Blessing Others

Four women and two men stand spaced out in green grass.
From left are Josephine Tate, Reagan Williams, Landis Mickens, Jamiya Mason, Katherine Mickens, and Crayton Coleman.

Noxubee County volunteers make a difference through service

Story by Leah Barbour • Photos by Kevin Hudson

A man wearing a yellow shirt and blue mask and a woman wearing a pink shirt and floral mask stand next to each other, both holding a basket of fresh vegetables including tomatoes, bell peppers, and squash.
Landis and Katherine Mickens,
Noxubee County 4-H volunteers

Everybody who knows Landis and Katherine Mickens, who’ve lived in Noxubee County all their lives, knows they care about service. The Mickens’s ties to their Macon neighbors are strong and run deep, just like their 38-year marriage.

They are closely involved in their community. Landis, a District 2 county supervisor, agreed also to take on responsibility for District 3 after the untimely COVID-19 death of Sherman Patterson until a special election could be held. Katherine has spent her career as the sole social worker at Noxubee General Hospital, and she helped organize and now leads the local Healthy Noxubee County Coalition, a group of volunteers focused on improving community health.

Their goal is to work together within the community to produce noticeable improvements in individual lives and the entire neighborhood.

“If you’re blessed, bless somebody else,” Katherine asserts. “Show them how to be giving and what it looks like not to expect anything in return; that’s being a volunteer. We can have people realize that volunteering is a good thing. More people should be volunteers—pass it on!”

“When the Lord is blessing you,” Landis agrees, “it’s so you can be a blessing to someone else. We need to train up our young folks with that same attitude, so we need to be the role models and give. You don’t miss it when you give it away; the best feeling is to give what you have and get nothing back.”

Josephine Tate, who’s known Landis since they were in first grade together, asked the couple to volunteer about 7 years ago, when she first became a Mississippi State University Extension Service agent in Noxubee County. Tate is charged with overseeing the local 4-H youth development program.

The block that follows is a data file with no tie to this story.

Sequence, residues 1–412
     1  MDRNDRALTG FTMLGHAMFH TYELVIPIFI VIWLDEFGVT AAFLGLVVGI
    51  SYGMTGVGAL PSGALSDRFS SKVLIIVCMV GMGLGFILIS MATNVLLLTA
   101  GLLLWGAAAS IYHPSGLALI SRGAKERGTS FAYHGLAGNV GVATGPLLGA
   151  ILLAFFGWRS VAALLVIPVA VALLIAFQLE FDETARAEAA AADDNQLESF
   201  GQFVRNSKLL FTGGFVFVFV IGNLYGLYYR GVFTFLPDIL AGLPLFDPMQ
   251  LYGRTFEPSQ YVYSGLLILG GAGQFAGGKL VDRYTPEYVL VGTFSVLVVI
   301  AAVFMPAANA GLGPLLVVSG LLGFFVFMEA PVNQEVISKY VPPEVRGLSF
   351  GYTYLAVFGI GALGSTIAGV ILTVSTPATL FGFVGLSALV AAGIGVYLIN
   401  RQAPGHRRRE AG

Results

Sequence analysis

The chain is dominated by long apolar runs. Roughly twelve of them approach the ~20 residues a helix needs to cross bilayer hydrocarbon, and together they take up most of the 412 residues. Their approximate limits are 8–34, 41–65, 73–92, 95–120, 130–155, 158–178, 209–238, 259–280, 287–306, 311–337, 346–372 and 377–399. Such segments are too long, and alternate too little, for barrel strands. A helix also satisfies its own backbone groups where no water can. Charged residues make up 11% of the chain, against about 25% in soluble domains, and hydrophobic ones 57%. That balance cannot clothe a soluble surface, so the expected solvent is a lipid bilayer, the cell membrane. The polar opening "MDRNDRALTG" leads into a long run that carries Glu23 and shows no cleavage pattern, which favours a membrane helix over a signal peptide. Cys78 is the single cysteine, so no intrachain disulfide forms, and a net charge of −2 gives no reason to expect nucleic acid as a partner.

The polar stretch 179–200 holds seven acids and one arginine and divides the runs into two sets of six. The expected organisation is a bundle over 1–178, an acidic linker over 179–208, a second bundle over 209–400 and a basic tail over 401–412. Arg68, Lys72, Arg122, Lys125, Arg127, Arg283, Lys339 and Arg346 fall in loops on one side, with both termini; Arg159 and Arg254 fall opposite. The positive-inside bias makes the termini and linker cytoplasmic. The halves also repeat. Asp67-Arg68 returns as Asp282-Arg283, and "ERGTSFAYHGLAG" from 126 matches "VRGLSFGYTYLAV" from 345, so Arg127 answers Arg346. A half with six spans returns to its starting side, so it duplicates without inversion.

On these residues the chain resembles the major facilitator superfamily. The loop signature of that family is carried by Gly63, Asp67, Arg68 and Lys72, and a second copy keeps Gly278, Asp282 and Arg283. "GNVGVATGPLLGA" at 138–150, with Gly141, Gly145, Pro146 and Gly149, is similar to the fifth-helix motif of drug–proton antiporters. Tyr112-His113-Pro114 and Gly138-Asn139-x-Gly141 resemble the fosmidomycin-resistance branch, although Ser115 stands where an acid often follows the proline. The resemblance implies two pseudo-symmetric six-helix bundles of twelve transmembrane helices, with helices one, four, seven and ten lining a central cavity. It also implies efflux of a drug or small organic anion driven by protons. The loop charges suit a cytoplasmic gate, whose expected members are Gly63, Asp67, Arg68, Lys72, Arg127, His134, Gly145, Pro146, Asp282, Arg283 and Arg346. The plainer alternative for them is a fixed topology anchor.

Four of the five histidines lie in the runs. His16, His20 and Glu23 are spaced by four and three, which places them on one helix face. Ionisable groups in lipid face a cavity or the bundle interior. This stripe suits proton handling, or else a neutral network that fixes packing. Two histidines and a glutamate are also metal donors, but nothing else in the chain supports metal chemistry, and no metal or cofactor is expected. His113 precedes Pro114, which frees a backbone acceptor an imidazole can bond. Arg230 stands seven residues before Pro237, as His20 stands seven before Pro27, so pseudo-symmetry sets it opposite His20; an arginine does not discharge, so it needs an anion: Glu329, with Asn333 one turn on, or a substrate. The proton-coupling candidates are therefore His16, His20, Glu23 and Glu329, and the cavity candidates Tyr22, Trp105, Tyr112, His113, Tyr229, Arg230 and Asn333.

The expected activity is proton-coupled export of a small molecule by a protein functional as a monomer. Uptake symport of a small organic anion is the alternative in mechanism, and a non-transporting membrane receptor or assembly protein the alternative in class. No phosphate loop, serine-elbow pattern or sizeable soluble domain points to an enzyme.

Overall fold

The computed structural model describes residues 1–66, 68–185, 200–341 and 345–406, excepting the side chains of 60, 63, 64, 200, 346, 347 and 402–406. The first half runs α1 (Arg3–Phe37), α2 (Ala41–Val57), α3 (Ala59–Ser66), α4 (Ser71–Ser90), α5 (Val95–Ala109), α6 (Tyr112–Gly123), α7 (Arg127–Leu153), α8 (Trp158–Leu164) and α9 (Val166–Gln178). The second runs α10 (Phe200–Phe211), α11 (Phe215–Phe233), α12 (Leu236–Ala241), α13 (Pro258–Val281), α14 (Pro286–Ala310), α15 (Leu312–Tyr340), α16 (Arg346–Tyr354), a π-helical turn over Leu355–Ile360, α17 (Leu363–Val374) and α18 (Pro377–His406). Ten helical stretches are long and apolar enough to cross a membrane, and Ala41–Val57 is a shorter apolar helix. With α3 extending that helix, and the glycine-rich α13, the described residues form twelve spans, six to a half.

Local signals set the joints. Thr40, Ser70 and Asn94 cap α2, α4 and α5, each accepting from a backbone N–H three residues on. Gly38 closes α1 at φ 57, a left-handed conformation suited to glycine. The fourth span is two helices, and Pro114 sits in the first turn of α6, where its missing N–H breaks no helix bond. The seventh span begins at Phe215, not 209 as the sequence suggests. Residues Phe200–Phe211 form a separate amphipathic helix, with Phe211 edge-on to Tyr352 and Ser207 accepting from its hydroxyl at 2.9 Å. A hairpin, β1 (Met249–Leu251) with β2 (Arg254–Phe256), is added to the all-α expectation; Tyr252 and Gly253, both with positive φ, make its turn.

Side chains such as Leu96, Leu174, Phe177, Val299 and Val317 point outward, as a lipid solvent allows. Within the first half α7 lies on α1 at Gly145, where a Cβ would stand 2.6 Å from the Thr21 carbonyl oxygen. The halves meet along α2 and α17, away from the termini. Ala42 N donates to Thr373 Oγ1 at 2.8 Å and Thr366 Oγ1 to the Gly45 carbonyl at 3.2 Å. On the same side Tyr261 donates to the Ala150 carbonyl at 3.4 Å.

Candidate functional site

Overhead shot of a brown wicker basket holding an assortment of vegetables including tomatoes, bell peppers, and squash.
Katherine Mickens leads the local Healthy
Noxubee County Coalition.

“Katherine and Landis—I don’t have anyone more dedicated than they are to helping,” Tate says. “They stay active in 4-H, and I can count on them to help me out—whatever I need. Katherine says she feels so blessed because she’s always striving to bless others.”

If any changes have come since the pandemic struck, it may only be that the Mickenses are more dedicated to service than ever before, says Crayton Coleman, also an Extension agent in Noxubee County.

“They want to give back. These are people with a good, solid foundation, and they give us a good, solid foundation for our 4-H program here in Noxubee County,” Coleman reflects. “We had been doing community gardens, but, with the pandemic, Katherine said to me, ‘What if 4-H’ers each did a container garden?’”

Organizations mobilized: The Healthy Noxubee County Coalition bought soil and seed. Farmers donated recycled seed containers. And volunteers delivered the supplies to 4-H’ers. 4-H leaders thought only a handful of children would participate, but 45 4-H’ers grew vegetables at home over the summer.

“The Mickenses were instrumental in making it happen,” Coleman explains. “We could not have done it without them. Their idea gave our kids something to do this summer. The feedback was great: Parents were excited, and grandparents were proud. Even the mayor said it was a great thing for us to be involved in. I’m glad we listened to our volunteers and did this project.”

Landis says the local Extension agents are open-minded and enthusiastic about supporting volunteers’ ideas for 4-H, and they really care about the children.

“Crayton and Josephine are both really professional, and they exemplify the job description for local Extension agents. They are teaching the things that they are living, too: respect,” Katherine agrees. “They are open and honest and transparent. We have a good working relationship.”


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